Sampa Buzz is the third chapter of the ongoing series The Buzz Project, a symbolic portrait of the contemporary metropolis and its inhabitants, as seen through the moving frame of the public bus window.
It was shot in São Paulo, Brazil, in 2014.
São Paulo is Brazil’s richest and most populous city. With it’s 21 million inhabitants, it is also the largest metropolis in the whole of the Southern hemisphere and the 12th largest megacity in the world.
Immense, crowded, congested, daunting, Sampa – as it is locally known – is a city of superlatives, and of extremes. It is vibrant and chaotic, tropical and global, opulent and miserable. It combines the best and the worst of modern megalopolises in a paradigmatic way.
In less than a century, São Paulo has turned into the industrial and economical powerhouse of Brazil, and a prominent financial hub of global significance. The rapid, disarticulated and mostly unplanned urban growth that followed São Paulo’s economic rise, as millions of domestic and foreign migrants flocked in, transformed a once modest city into a monster-sized metropolis, where pockets of imposing skyscrapers and unattractive concrete tower blocks are interspersed with favelas, the notorious Brazilian shantytowns, and squatted buildings.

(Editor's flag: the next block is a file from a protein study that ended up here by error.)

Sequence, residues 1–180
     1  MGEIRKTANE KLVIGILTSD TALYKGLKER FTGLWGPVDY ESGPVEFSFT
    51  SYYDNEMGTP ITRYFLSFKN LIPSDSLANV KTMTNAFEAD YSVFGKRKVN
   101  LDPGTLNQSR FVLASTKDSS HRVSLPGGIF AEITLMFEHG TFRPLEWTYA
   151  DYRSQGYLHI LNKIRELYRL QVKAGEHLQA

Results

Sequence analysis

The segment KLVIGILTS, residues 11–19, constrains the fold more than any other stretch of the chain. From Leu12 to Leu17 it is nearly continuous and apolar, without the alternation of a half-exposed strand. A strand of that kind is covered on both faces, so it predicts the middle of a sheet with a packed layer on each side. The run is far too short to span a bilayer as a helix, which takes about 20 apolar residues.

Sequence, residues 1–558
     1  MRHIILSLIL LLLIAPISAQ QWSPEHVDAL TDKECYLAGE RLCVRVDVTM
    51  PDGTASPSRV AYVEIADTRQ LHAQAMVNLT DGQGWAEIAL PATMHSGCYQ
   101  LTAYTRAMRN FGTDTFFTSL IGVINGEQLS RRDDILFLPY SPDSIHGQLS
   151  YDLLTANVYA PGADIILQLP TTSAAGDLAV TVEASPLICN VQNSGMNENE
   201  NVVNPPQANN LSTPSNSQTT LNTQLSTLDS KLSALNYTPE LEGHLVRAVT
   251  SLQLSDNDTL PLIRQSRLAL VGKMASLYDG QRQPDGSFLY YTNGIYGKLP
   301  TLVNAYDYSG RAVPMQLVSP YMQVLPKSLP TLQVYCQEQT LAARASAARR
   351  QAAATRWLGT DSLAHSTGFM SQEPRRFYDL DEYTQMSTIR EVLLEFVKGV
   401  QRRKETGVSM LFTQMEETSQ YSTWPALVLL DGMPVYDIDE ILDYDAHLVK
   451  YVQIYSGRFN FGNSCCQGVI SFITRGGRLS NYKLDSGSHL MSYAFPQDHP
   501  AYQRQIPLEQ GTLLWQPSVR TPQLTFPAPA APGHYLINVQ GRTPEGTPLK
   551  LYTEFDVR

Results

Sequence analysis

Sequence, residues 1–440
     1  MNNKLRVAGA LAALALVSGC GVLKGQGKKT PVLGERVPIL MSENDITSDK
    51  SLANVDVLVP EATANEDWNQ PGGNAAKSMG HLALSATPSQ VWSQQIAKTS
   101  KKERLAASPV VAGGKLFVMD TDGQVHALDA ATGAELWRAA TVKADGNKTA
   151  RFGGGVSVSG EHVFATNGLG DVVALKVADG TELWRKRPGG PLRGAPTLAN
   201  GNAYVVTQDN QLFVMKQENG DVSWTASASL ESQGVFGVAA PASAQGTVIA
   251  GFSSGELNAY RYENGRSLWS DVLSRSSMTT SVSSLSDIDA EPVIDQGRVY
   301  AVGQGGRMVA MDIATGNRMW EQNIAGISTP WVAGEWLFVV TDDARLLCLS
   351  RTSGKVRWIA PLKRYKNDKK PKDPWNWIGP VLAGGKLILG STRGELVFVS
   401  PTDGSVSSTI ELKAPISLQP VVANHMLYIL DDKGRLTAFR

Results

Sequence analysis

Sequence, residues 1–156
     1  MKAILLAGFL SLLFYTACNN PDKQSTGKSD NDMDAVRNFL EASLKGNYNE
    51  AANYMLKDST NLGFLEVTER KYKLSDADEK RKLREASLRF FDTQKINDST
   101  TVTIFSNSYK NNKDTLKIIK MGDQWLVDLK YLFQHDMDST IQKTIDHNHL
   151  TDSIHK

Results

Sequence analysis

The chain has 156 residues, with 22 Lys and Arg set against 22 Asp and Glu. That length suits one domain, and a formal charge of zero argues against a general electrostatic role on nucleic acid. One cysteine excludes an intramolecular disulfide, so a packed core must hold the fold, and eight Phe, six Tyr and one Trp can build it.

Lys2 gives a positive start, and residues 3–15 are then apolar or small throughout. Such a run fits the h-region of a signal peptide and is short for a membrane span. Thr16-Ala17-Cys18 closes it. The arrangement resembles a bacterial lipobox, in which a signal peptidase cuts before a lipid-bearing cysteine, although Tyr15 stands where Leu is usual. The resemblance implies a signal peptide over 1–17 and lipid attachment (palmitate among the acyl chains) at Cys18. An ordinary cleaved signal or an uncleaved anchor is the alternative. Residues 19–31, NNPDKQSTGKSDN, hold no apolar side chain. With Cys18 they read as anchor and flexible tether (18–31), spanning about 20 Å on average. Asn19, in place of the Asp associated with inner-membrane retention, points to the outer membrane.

Sampa Buzz explores the somewhat dystopian sprawl of this megalopolis at a time of urban transition. In July 2014 the municipal administration approved an ambitious and strategic urban Master Plan, which, in 16 years, will seek to “humanize and rebalance” São Paulo by adopting sustainable urban development principles.
In the meantime, the project bears witness to the multi-layered character of São Paulo and its distinct contradictions. In this immense city, where the wealthiest commute by helicopter and the average commute for millions of car owners is 2 and a half hours, the bus is the choice – or necessity – of a minority. It meanders through the mazelike expanse, brushing past the bleak vertical heights of glass towers, as well as the colourful concoctions of the tattered shantytowns, catching glimpses of the businessmen, as well as the homeless. A swirling jumble of social strata, ethnicities, moods and attitudes emerge, all coexisting within the backdrop of an extensive variation on the motive of concrete, where a lush tropical nature seems only momentarily tamed, and an incredible story seems displayed in the features of every person.